Here at the-Coaching Blog-run by Gerard O’Donovan, our aim is to constantly bring value to those seeking to improve their lives. Therefore we have a policy of publishing articles and materials by guest authors whom we value and appreciate. Today’s guest author is Reginald Jackson (USA).
For some of us, the thought of going to a networking event conjures up images of a blind date gone bad. Maybe you are uncomfortable at the notion of going someplace where you will know anyone, and maybe you are scared to death of what may (or may not) happen. When you go to a networking event, what do you say? What do you do? Does the thought of it bring on not so pleasant memories or feelings of dread or fright? Maybe for you, it’s not that severe. However, it is for some.
Maybe you just don’t see the point in going in the first place. More times than not, there can be a stigma you’ve attached to networking that makes it an unsavoury event. If this describes you or someone you know, I have good news for you. Networking is actually one of the greatest tools ever!
Networking is nothing more than meeting people and creating relationships. For all intents and purposes, you have been networking all your life. It goes back as far as (maybe) daycare or kindergarten. Think about it. It is everywhere you look (meeting people and creating relationships).
Today’s kids have ‘play dates.’ Networking!
When you were growing up did you ever sell anything for a school project (wrapping paper, fruit, magazines, etc.)? Networking!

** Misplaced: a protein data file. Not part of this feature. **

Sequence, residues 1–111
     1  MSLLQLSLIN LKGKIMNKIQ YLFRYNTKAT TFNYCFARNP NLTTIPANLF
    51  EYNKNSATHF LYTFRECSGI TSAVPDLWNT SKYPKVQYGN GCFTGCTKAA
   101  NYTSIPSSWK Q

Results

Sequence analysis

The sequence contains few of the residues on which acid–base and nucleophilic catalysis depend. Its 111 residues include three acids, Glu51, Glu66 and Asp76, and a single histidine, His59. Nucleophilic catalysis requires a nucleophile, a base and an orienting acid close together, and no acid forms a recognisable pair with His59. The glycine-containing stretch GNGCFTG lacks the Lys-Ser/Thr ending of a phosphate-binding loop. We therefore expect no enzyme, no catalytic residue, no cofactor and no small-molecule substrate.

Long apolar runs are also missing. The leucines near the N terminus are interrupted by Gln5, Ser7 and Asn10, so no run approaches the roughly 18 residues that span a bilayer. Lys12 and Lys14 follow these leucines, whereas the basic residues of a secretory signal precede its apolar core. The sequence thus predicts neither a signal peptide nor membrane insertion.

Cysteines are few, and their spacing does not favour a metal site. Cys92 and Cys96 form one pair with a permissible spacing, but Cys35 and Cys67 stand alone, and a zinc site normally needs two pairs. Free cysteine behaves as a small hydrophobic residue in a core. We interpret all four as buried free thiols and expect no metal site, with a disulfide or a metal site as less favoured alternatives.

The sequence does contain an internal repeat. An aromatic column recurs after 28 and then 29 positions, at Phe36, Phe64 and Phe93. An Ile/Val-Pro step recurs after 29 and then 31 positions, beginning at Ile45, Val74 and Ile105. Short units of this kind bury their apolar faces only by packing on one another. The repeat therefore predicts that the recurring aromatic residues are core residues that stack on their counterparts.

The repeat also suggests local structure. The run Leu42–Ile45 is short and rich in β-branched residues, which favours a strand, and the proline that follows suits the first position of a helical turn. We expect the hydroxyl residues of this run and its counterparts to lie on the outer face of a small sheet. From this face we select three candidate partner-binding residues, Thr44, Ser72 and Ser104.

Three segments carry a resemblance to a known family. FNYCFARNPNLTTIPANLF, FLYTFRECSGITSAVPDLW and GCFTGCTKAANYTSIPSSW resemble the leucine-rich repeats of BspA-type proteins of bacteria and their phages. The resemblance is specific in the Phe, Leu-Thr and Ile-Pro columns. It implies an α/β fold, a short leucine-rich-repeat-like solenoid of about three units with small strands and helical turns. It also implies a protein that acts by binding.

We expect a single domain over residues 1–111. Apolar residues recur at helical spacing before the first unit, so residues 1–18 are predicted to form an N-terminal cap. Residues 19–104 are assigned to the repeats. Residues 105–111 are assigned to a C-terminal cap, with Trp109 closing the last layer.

Asking friends if they know that guy or girl in Mr. Franklin’s English class? Networking!
You get the picture.
Whether you are the initiator or on the receiving end, you play just as much of a pivotal role as everyone else in the conversation. You would be surprised at how many people you know personally and professionally. All of these people are a part of your network. Never underestimate the power of your networking ability.
As far as networking events are concerned, they need not be among the worst things in the world to do. What’s even better is you don’t need an event to network. The thing that makes networking so valuable is the call to action. It’s the part of the conversation that starts with, ‘Who do you know who…?’ Example: Who do you know who works in ______? or; Who do you know who is looking for ______?
You would be surprised at how small the world really is. The answer to those questions is not that hard to come by. There are usually 2 to 3 degrees of separation between you and whoever you (or someone you know) are looking to meet or connect with.
Most people, in some way, shape or form, want to help. When we are asked a question, we typically try to answer it. Better yet, once the question is asked, the mental Rolodex (dating myself) starts spinning. All depending, the question will remain (in the brain) until it’s answered; even if the question is posed to someone else in search of the answer.
The point is, networking is much easier than most believe. Keeping these thoughts in mind will help you realise the easiest thing about networking is you!